Our Spy brings you the best tales
MOST of us have received phone calls from would-be scammers who claim they are from a large company advising that your computer needs repairs.
The telltale signs are that the person on the end of the line usually has an overseas accent and you can tell he or she is from a foreign country.
There is a Western Australian driver who for some reason received numerous of these calls for many weeks.
He has no idea how they had obtained his contact details and indeed his mobile number which is diverted from his home phone when he is away.
Anyway this lad has delight in taking the mickey out of such scammers.
He will let them go on with their con job agreeing with them until they ask him to go to his computer so they can hack into it.
“I don’t even have a computer,” he said.
Every time they hang up.
ANY increase in fuel prices affects the road transport industry.
Numerous small fleet owners and owner-operators have expressed that view in no uncertain terms to Spy recently.
Spy heard a caravan driver have a whinge about that very subject after a big increase in early October.
He pointed out that 250 litres at $1.68 per litre cost $420 which was an increase of $13 from the previous fill up.
And some truck drivers agreed. Good to see agreement between them.
REPLACING broken truck windscreens seems to be a booming business.
It is not surprising how many windscreens get cracked or damaged considering the amount of time our trucks are on the roads.
Also the terrible roads they often travel along.
But Spy got a surprise on just the extent when a windscreen repair man came to his house to replace one on a sedan.
“I replaced four truck windscreens yesterday. One Western Star and an Iveco and two International Acco’s. It generally takes about two hours,” he said.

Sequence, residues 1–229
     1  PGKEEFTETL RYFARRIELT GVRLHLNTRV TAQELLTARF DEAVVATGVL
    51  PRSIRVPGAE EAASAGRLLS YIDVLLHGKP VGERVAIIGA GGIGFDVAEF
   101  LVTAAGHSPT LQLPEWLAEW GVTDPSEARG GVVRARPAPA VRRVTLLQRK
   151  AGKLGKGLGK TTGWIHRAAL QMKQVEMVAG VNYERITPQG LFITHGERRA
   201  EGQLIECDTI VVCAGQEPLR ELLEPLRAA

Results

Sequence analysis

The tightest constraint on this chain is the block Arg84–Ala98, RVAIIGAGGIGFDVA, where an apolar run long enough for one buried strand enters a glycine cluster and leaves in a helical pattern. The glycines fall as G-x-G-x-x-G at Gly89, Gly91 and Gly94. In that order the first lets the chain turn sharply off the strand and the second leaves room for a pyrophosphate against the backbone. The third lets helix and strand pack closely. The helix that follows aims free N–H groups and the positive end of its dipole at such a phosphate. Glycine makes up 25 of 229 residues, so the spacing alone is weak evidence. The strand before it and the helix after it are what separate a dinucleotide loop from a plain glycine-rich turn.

He reckons the company he works for averages about 20 truck windscreens a week.
But the job is hardly ever done at roadhouse parking areas.
The tradesman said when a windscreen totally smashed it was always hard to remove all the broken glass.
“We can vacuum three or four times but small glass chips will still be there,” he said.
Make sure you hang up
TWO trucking colleagues on an interstate run were having a fatigue management break when one had a yarn to another driver from the company on his mobile phone.
It was all Parish Pump comment and after about 10 minutes the caller thought he had finished the call.
Then the two lads were deep in conversation and some of the chinwag was less than complimentary about the other gent.
Trouble was the call had not been terminated and the driver who was the subject of the bagging heard the entire conversation.
Which would have ensured a fair bit of explanation when they next came face to face.
TRAVELLING ABROAD: Our spy received this photo from a truckie travelling in Scotland.